New report: solar rooftops can strengthen an aging power grid and save Californians $1.4 billion every year

Solar rooftops are well-known for producing clean power, reducing energy bills,  and helping create hundreds of thousands of jobs. But the benefits don’t need to stop there.

Distributed energy resources (“DERs”), such as rooftop solar and other technologies like batteries and advanced inverters, can bring enormous benefits to the power grid as a whole. A new white paper, published today by our Grid Engineering team, describes in detail how embracing DERs offers a superior economic alternative to today’s centralized grid design.

For example, we calculate that if California and its utility sector were to fully embrace distributed resources like rooftop solar, the state would see net societal benefits of more than $1.4 billion annuallyfor solar customers and non-solar customers alike . Those societal benefits include improved flexibility in grid planning and operations, increased affordability and consumer choice, and improved grid reliability and efficiency, not to mention less reliance on fossil fuels.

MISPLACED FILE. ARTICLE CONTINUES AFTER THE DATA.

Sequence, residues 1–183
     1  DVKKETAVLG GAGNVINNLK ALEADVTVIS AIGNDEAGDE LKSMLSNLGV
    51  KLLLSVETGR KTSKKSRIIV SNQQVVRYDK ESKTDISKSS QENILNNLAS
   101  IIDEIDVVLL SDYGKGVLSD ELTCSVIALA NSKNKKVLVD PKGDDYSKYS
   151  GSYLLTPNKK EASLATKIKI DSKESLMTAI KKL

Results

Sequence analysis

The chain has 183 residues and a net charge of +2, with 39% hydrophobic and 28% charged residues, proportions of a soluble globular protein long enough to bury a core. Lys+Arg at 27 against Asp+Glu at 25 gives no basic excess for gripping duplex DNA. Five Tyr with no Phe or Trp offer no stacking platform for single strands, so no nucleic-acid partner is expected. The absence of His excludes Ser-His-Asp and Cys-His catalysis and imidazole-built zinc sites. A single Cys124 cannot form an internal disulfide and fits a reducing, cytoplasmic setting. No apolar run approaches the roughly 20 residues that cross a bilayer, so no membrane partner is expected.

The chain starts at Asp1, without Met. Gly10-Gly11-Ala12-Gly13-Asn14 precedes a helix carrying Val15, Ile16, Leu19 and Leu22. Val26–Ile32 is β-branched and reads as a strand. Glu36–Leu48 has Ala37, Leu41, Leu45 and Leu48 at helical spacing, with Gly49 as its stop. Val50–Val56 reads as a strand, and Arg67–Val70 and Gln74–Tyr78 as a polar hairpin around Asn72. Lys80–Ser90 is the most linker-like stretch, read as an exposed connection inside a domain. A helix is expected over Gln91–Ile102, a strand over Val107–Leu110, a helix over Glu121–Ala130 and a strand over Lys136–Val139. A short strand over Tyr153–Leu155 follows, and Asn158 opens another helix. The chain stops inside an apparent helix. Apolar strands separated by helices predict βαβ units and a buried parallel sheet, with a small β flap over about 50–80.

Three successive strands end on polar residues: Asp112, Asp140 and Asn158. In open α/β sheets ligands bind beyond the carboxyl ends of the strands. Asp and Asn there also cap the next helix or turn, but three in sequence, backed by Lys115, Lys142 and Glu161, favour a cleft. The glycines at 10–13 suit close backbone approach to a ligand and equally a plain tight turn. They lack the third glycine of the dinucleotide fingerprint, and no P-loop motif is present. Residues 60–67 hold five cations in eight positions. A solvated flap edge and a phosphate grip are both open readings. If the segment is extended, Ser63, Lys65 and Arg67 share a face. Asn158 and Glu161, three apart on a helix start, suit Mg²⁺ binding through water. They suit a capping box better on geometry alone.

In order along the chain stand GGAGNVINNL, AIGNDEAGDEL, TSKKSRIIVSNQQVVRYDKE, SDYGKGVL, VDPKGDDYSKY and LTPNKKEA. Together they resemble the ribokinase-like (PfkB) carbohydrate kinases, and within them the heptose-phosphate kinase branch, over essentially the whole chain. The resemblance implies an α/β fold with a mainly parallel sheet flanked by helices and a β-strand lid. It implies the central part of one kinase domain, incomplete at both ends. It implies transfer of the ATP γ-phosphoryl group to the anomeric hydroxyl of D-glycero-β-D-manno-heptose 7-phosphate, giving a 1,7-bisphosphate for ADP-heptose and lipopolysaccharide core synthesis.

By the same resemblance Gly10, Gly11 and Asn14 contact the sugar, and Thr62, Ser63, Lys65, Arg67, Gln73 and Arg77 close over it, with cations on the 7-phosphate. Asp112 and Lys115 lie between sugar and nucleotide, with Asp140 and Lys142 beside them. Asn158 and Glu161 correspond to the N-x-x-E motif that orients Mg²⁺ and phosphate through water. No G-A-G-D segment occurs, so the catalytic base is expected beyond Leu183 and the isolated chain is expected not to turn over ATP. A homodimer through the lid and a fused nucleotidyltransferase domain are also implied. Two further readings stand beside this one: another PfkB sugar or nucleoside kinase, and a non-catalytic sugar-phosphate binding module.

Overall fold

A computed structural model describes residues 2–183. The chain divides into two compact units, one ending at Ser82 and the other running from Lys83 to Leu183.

Over $1.4 billion per year in net societal benefits from DERs

162.pngBut to realize these benefits, the existing regulatory landscape needs to change. Today, utilities earn money by building their own infrastructure, and then recouping the costs — plus a sizable rate of return — by passing the financial burden onto customers. Perversely, utilities avoid using resources they don’t own, even if those resources (like DERs) would deliver higher benefits at a lower cost to utility ratepayers.

It makes abundant economic sense for utilities to take advantage of DERs’ full capabilities — such as supplying additional power supply at peak times, maintaining the right voltage for power delivered to your home, and extending the life of electric distribution equipment in your neighborhood.  But to unlock this potential, regulators need to make sure that utilities have the right incentives and employ rational approaches to grid planning.



READ THE WHITE PAPER A Pathway to the Distributed Grid

Everyone – consumers, regulators, legislators, utilities, DER providers, and industry stakeholders – should value a cleaner, more affordable, safer, and more resilient electric grid. By adjusting our approach to embrace, rather than tolerate DERs, we can achieve those goals to everyone’s benefit. For more details on how to get there, download the white paper: “A Pathway to the Distributed Grid.”

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